Why We Should Support Organ and Tissue Donation

By: Emile Therien

Proper end of life care should include making the option of organ and tissue donation available to families, at the proper time, and after the family has had time to absorb the unfortunate news and in the appropriate way by a trained, compassionate professional who is not involved in decisions about the treatment of the patient. Proper end of life care provides for a family to decide on consent for donation.

The deceased organ donation rate in Canada, according to experts, is half that of those countries with the best rates including Australia, the United States, and Spain. Spain and the U.S. have 30 to 32 donors for every million people compared to 16 for every million people in Canada.

Emile and his daughter Sarah Beth, who was an organ donor and passed away in 2006 at the age of 32.

According to Trillium Gift of Life Network (TGLN), the organ and tissue donation agency of the Ontario Ministry of Health, only twenty-four percent of eligible Ontarians have registered their consent to organ and tissue donation. That despite the fact that organization has made significant efforts and expended huge resources to increase the number of donors in Ontario. And in some of the province’s biggest communities, the rates are lower. Ontario’s situation mirrors that of other provinces.

Since the inception of TGLN in 2002 ,the oldest organ donor in Ontario was 90 years old and the oldest tissue donor was 106 years old. Based on recent data, the average age of deceased Ontario donors is 46 years old and the average age of recipients is 51 years old.

As of December 31, 2013, there were 11,743, 819 health care card holders aged 16 and over in Ontario; there were 2.84 million registered organ and tissue donors.

Transplantation is an important medical procedure . It is viewed by the majority of Canadians as a necessary and important part of our health care system; most expect it will be available to them and their loved ones should the need arise. That said, there is a large gap between support for organ transplantation (more than 95 percent) and willingness to donate (50 to 60 percent). One organ and tissue donor can save up to eight lives and improve as many as 75 others.

“Although everyone of us has the potential to be an organ and/or tissue donor, on average a very small percentage of hospital deaths occur in circumstances that will permit donation”, says Dr. Sonny Dhanani, Chief Medical Officer of Donation for Trillium Gift of Life Network, and Pediatric Intensivist at the Children’s Hospital of Eastern Ontario. Dr. Dhanani says, “it is absolutely critical that in every single situation where donation may be possible, family members are offered the opportunity to honour the wishes of their loved one”.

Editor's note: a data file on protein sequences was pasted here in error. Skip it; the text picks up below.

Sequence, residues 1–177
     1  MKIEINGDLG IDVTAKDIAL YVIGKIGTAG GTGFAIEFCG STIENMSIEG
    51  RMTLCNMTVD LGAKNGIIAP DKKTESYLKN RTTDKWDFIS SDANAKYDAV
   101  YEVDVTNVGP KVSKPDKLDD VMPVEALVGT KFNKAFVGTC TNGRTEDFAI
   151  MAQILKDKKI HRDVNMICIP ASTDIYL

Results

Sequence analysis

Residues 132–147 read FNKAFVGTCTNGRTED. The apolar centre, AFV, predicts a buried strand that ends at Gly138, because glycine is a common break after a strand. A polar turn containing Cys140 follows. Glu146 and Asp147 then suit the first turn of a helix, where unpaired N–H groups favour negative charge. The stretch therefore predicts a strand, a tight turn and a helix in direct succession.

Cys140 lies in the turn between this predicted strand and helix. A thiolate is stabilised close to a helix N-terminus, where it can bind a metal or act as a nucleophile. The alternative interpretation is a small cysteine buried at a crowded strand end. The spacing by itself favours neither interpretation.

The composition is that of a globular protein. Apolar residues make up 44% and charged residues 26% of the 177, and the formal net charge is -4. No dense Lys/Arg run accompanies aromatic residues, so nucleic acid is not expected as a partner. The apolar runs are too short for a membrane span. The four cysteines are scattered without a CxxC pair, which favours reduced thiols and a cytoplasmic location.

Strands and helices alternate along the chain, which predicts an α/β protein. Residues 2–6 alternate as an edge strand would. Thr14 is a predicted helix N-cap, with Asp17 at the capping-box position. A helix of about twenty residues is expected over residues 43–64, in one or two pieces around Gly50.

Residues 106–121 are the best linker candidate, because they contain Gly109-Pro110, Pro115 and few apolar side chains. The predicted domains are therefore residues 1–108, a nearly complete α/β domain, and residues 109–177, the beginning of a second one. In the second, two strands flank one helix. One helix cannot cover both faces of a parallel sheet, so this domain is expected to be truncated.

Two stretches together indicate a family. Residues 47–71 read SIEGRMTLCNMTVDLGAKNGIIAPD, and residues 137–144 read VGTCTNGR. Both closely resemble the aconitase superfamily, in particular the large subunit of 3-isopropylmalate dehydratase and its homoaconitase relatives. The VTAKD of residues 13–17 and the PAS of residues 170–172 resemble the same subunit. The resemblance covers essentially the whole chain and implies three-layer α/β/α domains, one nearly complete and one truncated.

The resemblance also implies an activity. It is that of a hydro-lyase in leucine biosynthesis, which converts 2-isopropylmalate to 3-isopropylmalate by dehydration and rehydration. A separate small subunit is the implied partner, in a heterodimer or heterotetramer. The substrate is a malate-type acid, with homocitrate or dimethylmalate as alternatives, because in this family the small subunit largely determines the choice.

Dr. Peter Nickerson, medical director, Transplant Manitoba Gift of Life Program and Medical Officer with the Canadian Blood Services, organ and tissue division, argues that organ donation should be established as a routine part of end of life care.

According to the Trillium Gift of Life Network, in this province we lose four out of ten potential donors because the family does not consent to donation when a loved one dies. When families do not consent, they often site ignorance of a love one’s wishes. And yet when someone has registered their wish in Ontario, families consent to donation 90 percent of the time.
It is incumbent, granted it can be a difficult subject to discuss with family, on more Canadians/Ontarians to educate themselves about organ and tissue donation and talk with their families and friends about their wishes and concerns. Public education and awareness are key. Becoming an organ and tissue donor is more than an act charity; simply put, it is the right thing to do! And it is a legacy almost anyone can leave! The need for organ donors has never been greater. Across the country, over 4,000 patients are waiting for transplants. In Ontario, up to the end of January, 2014, the waiting lists for organ transplants totalled 1,546. The large majority were for kidney transplants (1,054), followed by live (249), lung (92), heart (64), kidney-pancreas (54), and pancreas (19). These statistics mirror those of other jurisdictions in Canada. Many are children. Many will die while waiting. In 2011, 2,124 transplants were performed in Canada while 265 Canadians died while waiting.

Establishing organ donation as a routine part of end of life care is a sensible, proven and acceptable practice and will improve donor rates.That said, it is very encouraging that at its’ annual meeting held in May, 2012, the Ontario Medical Association (OMA) announced that it will play a lead role in developing a province wide strategy for end of life care in priority areas such as organ donation. A step in the right direction! According to the OMA, physicians have a great deal of experience, expertise and training in this challenging field of medicine and they have the responsibility to take a leadership role in developing a province wide strategy.

More Canadians are urged to consider organ donation and make their wishes known to their loved ones today. Governments, advocates, and the medical community can only do so much. The record reveals that the experience most families have with organ and tissue in a very powerful and rewarding one.

In Ontario, you can register your consent to donate at: www.beadonor.ca